Wigan Athletic: Talking football: Venting at the wrong people
It’s written in the constitution... alongside the enjoyment of pies and Uncle Joe’s Mint Balls, and dislike of Bolton and/or St Helens.
Rather than being viewed as a negative, it’s actually regarded as an endearing quality, a source of local pride.
“Wiganers are quite unique, in their own way, I’ve always found,” Latics legend Graham Barrow once famously reflected.
“Wigan people will tell you to your face how they feel.
“If you’ve had a good game, a bad game, an indifferent game, they’ll tell you – and then they’ll have a drink with you.”
There’s certainly been plenty to moan about over the last seven and a half months.
Off the pitch mostly but now, increasingly, on the field.
And while it’s another reassuring step towards normality that we’re now seeing fans venting at the team and the players – as opposed to administrators and governing bodies – it’s all beginning to get out of hand.
With entirely the wrong people in the firing line, bearing the brunt of a situation that is absolutely not of their doing.
Social media is a cesspit at the best of times, with Premier League players regularly being the target for sickening abuse, and now even referees being sent death threats, for making honest mistakes in their workplace.
It’s been particularly unpleasant in the aftermath of Latics’ last two fixtures – the admittedly disappointing defeats against relegation rivals Swindon and Wimbledon.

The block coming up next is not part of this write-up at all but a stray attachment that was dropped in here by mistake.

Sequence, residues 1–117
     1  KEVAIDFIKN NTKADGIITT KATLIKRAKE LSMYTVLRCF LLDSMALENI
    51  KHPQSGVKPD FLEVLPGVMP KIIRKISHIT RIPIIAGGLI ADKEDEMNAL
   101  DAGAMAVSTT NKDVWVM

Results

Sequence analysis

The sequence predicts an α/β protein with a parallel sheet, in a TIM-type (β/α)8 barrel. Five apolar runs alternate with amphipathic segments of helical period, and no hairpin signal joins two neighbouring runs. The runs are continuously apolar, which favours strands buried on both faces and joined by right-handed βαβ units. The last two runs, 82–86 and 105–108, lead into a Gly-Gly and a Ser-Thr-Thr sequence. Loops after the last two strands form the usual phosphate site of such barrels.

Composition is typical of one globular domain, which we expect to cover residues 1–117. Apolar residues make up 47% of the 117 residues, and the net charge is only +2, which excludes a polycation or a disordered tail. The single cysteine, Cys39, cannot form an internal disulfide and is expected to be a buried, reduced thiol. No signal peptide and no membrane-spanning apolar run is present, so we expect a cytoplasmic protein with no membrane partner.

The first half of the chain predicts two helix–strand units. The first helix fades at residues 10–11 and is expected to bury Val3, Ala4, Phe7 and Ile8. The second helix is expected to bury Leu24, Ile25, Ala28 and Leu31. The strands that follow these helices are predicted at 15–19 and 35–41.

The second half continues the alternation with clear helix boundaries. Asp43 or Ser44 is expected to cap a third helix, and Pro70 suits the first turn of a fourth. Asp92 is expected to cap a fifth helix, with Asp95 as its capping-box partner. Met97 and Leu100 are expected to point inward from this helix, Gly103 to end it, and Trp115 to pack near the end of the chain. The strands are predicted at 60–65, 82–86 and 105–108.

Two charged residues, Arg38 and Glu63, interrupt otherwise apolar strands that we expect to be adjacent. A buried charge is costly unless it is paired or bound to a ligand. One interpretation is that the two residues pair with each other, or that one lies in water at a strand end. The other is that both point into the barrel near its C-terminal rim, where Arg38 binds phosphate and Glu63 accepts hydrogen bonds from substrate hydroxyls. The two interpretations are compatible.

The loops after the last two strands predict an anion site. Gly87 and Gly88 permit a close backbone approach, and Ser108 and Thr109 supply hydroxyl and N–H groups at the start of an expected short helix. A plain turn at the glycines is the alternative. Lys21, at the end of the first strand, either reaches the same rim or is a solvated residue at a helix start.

Let’s get one thing straight: no-one would try to pretend either performance was anywhere near acceptable, with Latics very much second best for the collective 180 minutes... apart from maybe half an hour in the middle of the Wimbledon game, when they showed glimpses of a side coming together.
Sadly, even that wasn’t enough to ensure a point on the board, with the reaction of some – and it’s important to note it’s some, not all – heading straight for the extreme.
Personally, I have no issue with anyone voicing whatever opinion they choose, as long as it’s expressed fairly, rationally and it’s relatively clean (depending on the platform).
“Player X isn’t good enough’, ‘Player Y should be dropped’, ‘Player Z keeps making mistakes’... none of them nice to read, but all fair comment if that’s what’s happened on the pitch.
But too much of what was aired at the weekend was misplaced, and over the line – ‘the players are not trying’, ‘the players don’t care’, ‘the players have no heart’.
Pretty much as bad as it gets in terms of attacking a player’s professional pride.
Club doctor Jonathan Tobin certainly thought so, tweeting on Sunday: “The determination, sweat, tears and effort made by everyone to get WAFC here – where we still have a club and still have a real chance of avoiding relegation – has been huge. It has been HARD. Those people suggesting the players lack heart have absolutely no idea. At all.”
Former skipper Sam Morsy – known for never leaving a drop of anything out there in the middle – immediately replied: “Bang on.”